Lavenham in Suffolk is said to be one of the best
preserved medieval wool towns in England. Visitors
will understand why Lavenham lays claim to this title
when they visit this perfectly preserved place. From the
fourteenth to the sixteenth century Lavenham was at the
forefront of cloth making in England with its Flemish
weavers. The wool from Lavenham was described as the
'golden fleece' and the towns people prospered.
Half a million square foot of cloth was produced by the
town each year and beautiful timber framed buildings
sprang up as the merchants were earning so much money
they were able to use oak as the main fabric for their
However, in the late 16th century the demand for wool
fabric began to decline when Dutch refugees in
Colchester began weaving a lighter and cheaper cloth. So
it was that the town of Lavenham went into decline and
never really found a replacement industry during the
So whilst other towns were under going rebuilding
Lavenham did not have enough money to make the same
changes. Lucky for us as this means that we can all
wander the streets and alleyways of this Suffolk town
and believe that we have stepped back into a much
The buildings you see today are very much as they would
have looked during the reigns of Henry VII and Henry
VIII. A few Georgian facades made it through hiding
older timber framed building underneath. Weavers homes
snuggle in between rich wool merchants houses
interspersed with manor houses. You can obtain a guided
walk from the Tourist Information Office in Lady Street
which gives further details about the houses you will
see around the town.
In Shilling Street stands Shilling Grange in which lived
Isaac Taylor the engraver with his two daughters Ann and
Jane. Jane Taylor wrote the famous poem 'Twinkle,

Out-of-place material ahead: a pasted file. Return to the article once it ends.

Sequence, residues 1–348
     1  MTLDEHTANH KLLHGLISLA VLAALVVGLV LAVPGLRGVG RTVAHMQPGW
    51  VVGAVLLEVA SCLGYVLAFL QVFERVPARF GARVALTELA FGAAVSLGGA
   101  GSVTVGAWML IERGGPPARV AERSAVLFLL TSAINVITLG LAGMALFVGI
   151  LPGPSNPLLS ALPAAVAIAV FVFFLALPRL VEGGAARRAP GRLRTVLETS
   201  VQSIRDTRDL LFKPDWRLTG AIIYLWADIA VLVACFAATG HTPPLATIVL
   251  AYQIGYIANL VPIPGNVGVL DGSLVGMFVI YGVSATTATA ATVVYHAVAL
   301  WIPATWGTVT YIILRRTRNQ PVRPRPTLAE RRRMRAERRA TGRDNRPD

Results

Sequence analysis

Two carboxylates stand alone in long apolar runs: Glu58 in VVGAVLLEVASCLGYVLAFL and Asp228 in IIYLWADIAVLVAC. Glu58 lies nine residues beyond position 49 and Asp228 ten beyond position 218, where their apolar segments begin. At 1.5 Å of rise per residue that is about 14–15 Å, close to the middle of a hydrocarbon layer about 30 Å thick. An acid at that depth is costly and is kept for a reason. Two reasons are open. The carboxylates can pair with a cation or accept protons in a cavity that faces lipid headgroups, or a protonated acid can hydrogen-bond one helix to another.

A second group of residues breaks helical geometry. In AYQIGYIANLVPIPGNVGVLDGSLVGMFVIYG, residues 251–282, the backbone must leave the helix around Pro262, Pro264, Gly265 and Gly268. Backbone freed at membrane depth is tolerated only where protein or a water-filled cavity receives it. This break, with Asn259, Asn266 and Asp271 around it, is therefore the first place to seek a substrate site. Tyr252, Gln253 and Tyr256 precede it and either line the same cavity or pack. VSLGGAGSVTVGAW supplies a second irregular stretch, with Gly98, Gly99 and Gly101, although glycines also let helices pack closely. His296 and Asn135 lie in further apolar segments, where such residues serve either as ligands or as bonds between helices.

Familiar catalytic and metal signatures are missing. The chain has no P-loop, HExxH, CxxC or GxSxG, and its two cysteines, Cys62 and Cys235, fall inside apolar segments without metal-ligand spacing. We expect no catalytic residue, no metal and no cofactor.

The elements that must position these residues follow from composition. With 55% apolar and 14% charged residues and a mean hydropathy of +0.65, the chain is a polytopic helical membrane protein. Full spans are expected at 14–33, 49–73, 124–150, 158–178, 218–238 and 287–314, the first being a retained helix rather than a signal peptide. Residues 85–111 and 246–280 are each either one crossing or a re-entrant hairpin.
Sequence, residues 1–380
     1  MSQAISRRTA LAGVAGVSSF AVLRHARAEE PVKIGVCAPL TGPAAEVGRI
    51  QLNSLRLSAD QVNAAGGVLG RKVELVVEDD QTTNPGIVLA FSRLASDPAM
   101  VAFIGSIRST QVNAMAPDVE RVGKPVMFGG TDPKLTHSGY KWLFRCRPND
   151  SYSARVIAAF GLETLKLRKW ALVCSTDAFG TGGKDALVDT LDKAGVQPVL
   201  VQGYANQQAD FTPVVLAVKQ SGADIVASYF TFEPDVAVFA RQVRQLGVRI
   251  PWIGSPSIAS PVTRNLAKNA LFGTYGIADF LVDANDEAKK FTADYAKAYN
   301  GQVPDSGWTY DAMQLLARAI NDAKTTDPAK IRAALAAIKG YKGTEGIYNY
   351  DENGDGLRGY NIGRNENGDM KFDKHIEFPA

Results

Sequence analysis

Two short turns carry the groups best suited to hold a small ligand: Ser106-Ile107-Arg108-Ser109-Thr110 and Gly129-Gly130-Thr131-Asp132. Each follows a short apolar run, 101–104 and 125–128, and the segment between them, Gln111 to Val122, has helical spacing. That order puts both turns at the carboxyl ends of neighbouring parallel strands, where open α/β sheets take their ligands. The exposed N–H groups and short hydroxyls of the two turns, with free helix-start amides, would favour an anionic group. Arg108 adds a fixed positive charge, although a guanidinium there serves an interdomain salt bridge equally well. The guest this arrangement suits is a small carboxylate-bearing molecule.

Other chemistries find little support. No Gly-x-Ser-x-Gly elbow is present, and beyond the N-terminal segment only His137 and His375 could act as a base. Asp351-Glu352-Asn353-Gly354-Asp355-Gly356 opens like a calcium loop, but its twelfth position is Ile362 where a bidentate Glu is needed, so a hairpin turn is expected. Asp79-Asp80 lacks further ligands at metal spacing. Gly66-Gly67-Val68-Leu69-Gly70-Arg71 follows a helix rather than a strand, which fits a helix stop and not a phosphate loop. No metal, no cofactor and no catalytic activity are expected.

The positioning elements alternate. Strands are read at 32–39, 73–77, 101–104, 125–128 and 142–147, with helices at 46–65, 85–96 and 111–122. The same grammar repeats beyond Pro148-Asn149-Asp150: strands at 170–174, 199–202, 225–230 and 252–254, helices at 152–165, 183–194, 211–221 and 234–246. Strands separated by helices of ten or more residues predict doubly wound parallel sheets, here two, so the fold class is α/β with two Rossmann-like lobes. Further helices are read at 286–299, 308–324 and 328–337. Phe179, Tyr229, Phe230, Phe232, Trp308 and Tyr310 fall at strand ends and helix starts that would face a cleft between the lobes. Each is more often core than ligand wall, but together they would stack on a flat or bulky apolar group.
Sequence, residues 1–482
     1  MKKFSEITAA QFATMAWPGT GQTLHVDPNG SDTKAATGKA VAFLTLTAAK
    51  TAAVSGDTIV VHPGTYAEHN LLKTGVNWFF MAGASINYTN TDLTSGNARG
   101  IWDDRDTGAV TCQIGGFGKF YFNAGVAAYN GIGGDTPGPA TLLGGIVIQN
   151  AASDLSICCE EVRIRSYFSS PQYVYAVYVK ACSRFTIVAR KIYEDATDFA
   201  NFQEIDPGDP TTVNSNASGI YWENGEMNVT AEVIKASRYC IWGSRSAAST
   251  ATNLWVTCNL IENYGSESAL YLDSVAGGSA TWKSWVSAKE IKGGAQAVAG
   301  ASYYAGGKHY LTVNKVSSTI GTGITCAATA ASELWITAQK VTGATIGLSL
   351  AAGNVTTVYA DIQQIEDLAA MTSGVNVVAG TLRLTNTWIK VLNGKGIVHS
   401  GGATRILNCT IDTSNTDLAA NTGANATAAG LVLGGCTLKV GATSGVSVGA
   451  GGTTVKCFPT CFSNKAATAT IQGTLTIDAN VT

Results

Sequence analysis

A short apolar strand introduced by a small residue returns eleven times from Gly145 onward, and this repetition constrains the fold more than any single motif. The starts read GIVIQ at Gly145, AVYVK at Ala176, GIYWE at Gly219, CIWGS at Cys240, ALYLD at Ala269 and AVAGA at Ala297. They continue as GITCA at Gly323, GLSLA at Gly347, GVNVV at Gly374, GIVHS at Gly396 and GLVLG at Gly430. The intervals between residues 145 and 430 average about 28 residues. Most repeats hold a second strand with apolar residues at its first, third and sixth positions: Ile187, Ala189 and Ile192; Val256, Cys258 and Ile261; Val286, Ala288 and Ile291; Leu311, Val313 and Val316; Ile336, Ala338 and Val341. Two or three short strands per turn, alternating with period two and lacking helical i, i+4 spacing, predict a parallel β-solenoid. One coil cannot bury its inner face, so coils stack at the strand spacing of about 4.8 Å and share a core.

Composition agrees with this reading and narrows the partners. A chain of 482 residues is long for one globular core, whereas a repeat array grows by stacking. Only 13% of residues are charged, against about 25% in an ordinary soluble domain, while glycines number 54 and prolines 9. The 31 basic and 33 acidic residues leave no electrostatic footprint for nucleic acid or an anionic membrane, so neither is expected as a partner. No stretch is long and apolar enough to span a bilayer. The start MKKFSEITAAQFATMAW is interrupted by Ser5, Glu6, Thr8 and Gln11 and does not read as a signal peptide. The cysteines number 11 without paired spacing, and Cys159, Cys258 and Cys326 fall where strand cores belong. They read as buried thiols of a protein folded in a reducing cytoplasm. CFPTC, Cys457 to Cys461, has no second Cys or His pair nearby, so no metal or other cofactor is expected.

twinkle little star' whilst sitting looking out of the
small window in the garret of her house.
Another celebrity was the landscape painter John
Constable who was educated at the towns school and is
said to have known Jane Taylor.
In Market Place is the fantastic timber framed Guildhall
built around 1529. It now houses a museum with exhibits
of local history and industries, managed by the National
Trust. The rampant lions on the doorpost of the hall are
the emblem of the Guild of Corpus Christi who built the
Guildhall all those years ago. It stands on high ground
dominating the market place enclosed by venerable shops.
In the past the Guildhall was used as the town hall, a
jail, and also a workhouse for poor children. When the
Guildhall was built, the town of Lavenham ranked
fourteenth richest in the land. There are many good pubs
and restaurants as well as shops and the lovely places
to stay are endless.
Taylor the Rector of Haleigh was held
in the Guildhall of Lavenham for 2 days before being
returned home to be burnt at the stake.
you wander around the
streets note the craft symbols displayed in the
plasterwork of the weavers cottages.
painter John Constable was educated at Lavenham for a